Disease being high on the list. If we wish more opportunity to prey on sheep, the other predators out there need to be managed at lower numbers.

Eliminating all these auction tags would be a start in taking some of the ridiculous money pressure involved in the game.
I've often though about the money part of hunting. Utah DNR just released 57 big Horn sheep into a new area that had no sheep. Largely because of the high money sportsman's tags. It's a love hate thing I know.
 

CO_Guy

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Trophy hunting and its' egocentric emphasis on the hunter vs nature is rooted firmly in money since the time the African and N American colonizers were taking game in both places, as clearly shown in Townshend Whelen's hunting anthologies and other books. Sad thing about it, is that even the hunters in Africa back during the end of the 19th and start of the 20th century, clearly noticed a reduction of the herds then and lamented about it. Not much has changed.
 

Antonio m

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"Head hunting" hasn't hurt game numbers, imo. Personally for myself, I seldom take a ram these days, even if legal. I am looking for the old" buster" ram , and old beaten warrior.
The part that bugs me a little is the status a hunter has as a sheep hunter, just because he killed one, but lacks the passion of the hunt.
I don 't own t.v. , but the hunting shows, glitzy magazines etc create a different mindset...it is a different day
 

piute

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Jan 21, 2011
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Lots has changed most of us will never have the opportunity to hunt sheep. I'd say O'connor played a significant role in the current situation by over emphasizing the species into the "Grand Slam" etc.
I grew up reading Outdoor Life and Field and Stream Magazines. The sheep hunting articles were always fascinating to me and I'd fall asleep dreaming of the hunt. Hunting in the most part has become a money driven experience "sadly". What bothers me are tags are limited and it take a some luck to get drawn in most states, but I hear of individuals with plenty of money getting hunts so they can complete their multiple grand slams!
 

azsugarbear

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I am a native Arizonan. Been hunting for some 50 years now, and I have seen lots of changes. In general, I have seen most types of hunting become more competitive. I suspect it has a lot to do with mass media and communications, in general. Back when I was growing up, there were very few, if any, hunting shows on TV. The internet was non-existent. The term "trophy" was largely defined by what we saw or red about in the local papers. Today, we are bombarded by all kinds of shows, videos and podcasts constantly showing us what a 'true trophy' looks like. I am as guilty as the next guy for allowing myself to be swayed by public opinion on hunting and trophies. The days when a trophy was any animal you worked hard to harvest are disappearing quickly. This is not necessarily bad IMO, just the natural progression of hunting.

What is lamentable, is that while big game hunting has become more competitive, hunter respect and overall conduct has declined sharply, especially with the younger generation. In recent years, I have become so disheartened by trail cameras being damaged or stolen by hunters (nobody else would hike that far back into rugged country looking for a big buck). I have been first on a water hole, only to be leap-frogged by other hunters who set up 300 yds off the same hole. (yes, they knew I was there. I went and spoke with them when they first showed up). I have had hunters walk right through my turkey decoys with me sitting in a blind 20 yds. away. I have been passed and cut-off by quads on a two-track trail in order for another hunter to race ahead of me to get to a stand first. I could go on and on. I hope such conduct is not a natural progression of hunting and that we can turn this around as hunters.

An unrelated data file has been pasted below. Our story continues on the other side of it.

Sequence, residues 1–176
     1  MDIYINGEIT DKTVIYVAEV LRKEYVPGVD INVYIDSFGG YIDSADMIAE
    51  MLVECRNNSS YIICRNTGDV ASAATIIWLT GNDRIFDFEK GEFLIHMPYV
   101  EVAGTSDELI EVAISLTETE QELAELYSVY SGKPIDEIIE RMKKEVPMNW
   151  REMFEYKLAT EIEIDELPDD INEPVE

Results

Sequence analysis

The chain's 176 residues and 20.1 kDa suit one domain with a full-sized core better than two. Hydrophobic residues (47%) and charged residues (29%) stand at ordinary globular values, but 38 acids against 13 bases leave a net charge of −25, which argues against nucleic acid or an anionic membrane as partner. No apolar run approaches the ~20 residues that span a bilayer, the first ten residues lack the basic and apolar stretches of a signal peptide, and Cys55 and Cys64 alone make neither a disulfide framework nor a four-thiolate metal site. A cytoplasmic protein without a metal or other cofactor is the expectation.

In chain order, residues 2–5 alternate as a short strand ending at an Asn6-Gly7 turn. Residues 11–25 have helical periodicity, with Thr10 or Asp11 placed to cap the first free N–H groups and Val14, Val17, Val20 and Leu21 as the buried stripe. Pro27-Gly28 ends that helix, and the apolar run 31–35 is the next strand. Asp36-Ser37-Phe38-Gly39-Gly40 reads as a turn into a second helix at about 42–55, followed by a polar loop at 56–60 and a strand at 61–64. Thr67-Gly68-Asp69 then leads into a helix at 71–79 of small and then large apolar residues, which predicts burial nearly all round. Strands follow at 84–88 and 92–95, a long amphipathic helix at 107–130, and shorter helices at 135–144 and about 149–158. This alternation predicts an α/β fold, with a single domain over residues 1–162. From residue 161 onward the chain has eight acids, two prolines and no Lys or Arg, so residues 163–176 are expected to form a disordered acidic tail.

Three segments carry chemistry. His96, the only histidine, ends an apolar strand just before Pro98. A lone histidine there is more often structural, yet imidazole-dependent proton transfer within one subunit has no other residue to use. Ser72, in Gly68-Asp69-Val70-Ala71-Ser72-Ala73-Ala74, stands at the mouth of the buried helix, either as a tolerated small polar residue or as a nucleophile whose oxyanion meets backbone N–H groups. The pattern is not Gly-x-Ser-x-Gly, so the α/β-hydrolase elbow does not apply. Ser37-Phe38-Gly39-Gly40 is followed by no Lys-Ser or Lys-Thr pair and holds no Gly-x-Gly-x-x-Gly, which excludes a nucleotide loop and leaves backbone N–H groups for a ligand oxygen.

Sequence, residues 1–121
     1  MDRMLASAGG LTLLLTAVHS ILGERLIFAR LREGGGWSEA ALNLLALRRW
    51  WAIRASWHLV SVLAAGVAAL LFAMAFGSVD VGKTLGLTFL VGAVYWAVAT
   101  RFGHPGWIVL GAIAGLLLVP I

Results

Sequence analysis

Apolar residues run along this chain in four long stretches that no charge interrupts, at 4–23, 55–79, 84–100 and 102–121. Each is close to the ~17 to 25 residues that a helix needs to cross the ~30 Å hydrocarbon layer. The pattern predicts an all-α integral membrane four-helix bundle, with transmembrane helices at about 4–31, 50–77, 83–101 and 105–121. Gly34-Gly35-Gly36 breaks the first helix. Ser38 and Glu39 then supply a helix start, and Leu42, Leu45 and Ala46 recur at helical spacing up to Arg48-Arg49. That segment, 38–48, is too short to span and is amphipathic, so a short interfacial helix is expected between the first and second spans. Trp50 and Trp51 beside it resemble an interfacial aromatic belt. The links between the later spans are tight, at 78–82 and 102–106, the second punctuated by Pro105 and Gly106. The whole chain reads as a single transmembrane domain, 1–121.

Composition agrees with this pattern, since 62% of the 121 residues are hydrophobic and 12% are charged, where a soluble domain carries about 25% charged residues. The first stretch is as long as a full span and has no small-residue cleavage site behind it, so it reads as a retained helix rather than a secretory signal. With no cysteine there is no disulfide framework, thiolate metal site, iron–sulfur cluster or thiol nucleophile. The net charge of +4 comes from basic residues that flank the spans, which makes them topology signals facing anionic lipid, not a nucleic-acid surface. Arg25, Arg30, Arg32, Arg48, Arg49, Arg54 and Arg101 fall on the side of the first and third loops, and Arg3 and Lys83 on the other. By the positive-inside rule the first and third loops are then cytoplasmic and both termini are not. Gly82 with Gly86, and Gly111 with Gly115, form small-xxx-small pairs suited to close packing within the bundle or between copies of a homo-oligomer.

As far as sheep go, AZ has done a pretty good job of managing our sheep resources. Demand will always outstrip supply when it comes to sheep. Regarding the Utah sheep scenario, I see it not as a way for Utah to get more dollars, but rather a long-term project to make more tags available to future hunters. Those Desert Big Horn sheep transplants came from AZ, thereby reducing the number of tags available to AZ residents to hunt that year. But by sharing resources, we create a better situation for future hunters. AZ now has huntable numbers of Rocky Mountain Big Horn sheep because of transplants from Utah.
 

John McLaughlin

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I live in AZ (Tucson). I lived in Flagstaff for the previous 40 years. Sooo, I've lived in some of the best Desert bighorn country. Unfortunately we can't "bank" wild sheep or any other wild game. In AZ G&F has been very active transplanting both Rocky Mtn and Desert sheep to historic ranges from which they had disappeared due to miners, disease and in some places loss of habitat. Because of the hard work of AZ Desert Bighorn Sheep Society members, and funds from auction and raffle tags (one each) G&F has been able to do this. There are now more tags available for both Rockys and Desert sheep here in AZ. Our draw is set up with bonus points. 20% of the tags can be drawn by those with the highest number of points. The rest (80%) are random. Folks draw with as few as 6 pts or lower every year, just luck for those.
I have had a bit of that luck over the years. Drawn and harvested both AZ Desert and Rocky Mtn sheep (one a B&C ) and drew and harvested a NR Colorado Rocky Mtn sheep. So it does happen. I've also taken a very nice full curl Alaskan Dall's sheep. Just so you won't be totally ****ed of at me, I've hunted Stone's sheep twice in one of the best areas in BC for 28 days total and couldn't find a legal ram, never popped a cap.
Put in for the draws and you may get a surprise like the guy I personally know who drew an AZ Rocky tag with only 6 pts. It can happen to you. Get started. JM